Jeffrey Beneker: The Passionate Statesman. Eros and Politics in Plutarch's Lives, Oxford: Oxford University Press 2012, XII + 258 S., ISBN 978-0-19-969590-4, GBP 55,00
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The book under review is the latest in a series of recent OUP monographs on Plutarch. Building on the work of Stadter, Pelling, and Duff in particular, it focuses on Plutarch's interpretation of the role of erōs, love, in the Parallel Lives. More specifically, it shows 'how erōs can act as a lens both for his interpretation of historical sources and for his composition of political biographies' (3).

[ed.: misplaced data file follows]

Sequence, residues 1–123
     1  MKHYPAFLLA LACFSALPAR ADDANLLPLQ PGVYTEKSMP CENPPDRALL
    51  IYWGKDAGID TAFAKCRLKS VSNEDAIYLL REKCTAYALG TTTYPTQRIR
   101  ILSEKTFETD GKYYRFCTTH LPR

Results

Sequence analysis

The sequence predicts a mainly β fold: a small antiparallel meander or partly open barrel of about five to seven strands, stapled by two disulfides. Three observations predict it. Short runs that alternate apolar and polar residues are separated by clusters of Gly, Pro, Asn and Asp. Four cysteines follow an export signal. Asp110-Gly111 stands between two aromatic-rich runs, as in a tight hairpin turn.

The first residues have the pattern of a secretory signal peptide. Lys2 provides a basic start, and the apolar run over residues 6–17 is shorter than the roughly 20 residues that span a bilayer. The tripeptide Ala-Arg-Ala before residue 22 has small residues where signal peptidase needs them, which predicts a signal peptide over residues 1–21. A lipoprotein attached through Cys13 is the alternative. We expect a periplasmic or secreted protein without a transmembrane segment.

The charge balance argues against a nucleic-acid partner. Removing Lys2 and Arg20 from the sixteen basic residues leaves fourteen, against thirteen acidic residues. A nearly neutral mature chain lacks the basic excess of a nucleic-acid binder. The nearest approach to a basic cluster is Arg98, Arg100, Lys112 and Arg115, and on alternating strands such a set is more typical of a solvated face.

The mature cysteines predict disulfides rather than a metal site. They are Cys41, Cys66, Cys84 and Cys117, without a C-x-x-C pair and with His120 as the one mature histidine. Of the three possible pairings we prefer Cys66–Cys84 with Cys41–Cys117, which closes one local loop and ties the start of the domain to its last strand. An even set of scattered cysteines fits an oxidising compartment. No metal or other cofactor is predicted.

After an introduction showcasing Plutarch's interest in his protagonists' erōs and summarizing the chapters that follow, the first two chapters define the philosophical background to Plutarch's approach to erōs in the Lives. The first chapter sets out Plutarch's views on moral virtue and on love as they appear in the Moralia, especially in On Moral Virtue and the Dialogue on Love. Beneker shows how Plutarch moves beyond both Plato and Aristotle by awarding (a moderate) erōs a positive role even in relationships where pleasure-friendship has given way to virtue-friendship. The couples used to illustrate this are Brutus and Porcia as well as Pericles and Aspasia. In the latter case, Beneker skillfully demonstrates how Plutarch manipulated the tradition concerning Pericles' relation with Aspasia in order to conserve his positive portrait of the Athenian statesmen. In the second chapter, Beneker introduces the concept of 'historical-ethical reconstruction'. This concept not only draws attention to the fact that Plutarch often reads psychological traits back into his protagonists' youths in order to explain their subsequent behavior, but also emphasizes 'how moral virtue shapes his general perception of history and his re-creation of historical events and persons' (58). A good illustration is offered in Beneker's reading of the Lives of Pelopidas and Marcellus, where Plutarch, as opposed to other authors before him, does not limit himself to moralizing comments about the protagonists' uncharacteristic deaths, but structures his narrative so as to make the reader expect the unexpected from the outset. The question that arises, is whether historical-ethical reconstruction led Plutarch to generalize. Although, as Beneker demonstrates, this is, to some extent, the case, Plutarch can still 'claim to have written a better, more probable narrative even though it is based on evidence external to the tradition' (98). This is particularly well illustrated in Plutarch's Life of Dion, where the depiction of Dionysius as a typical tyrant, often phrased in terms of erōs, makes it almost inevitable for Dion to become his enemy.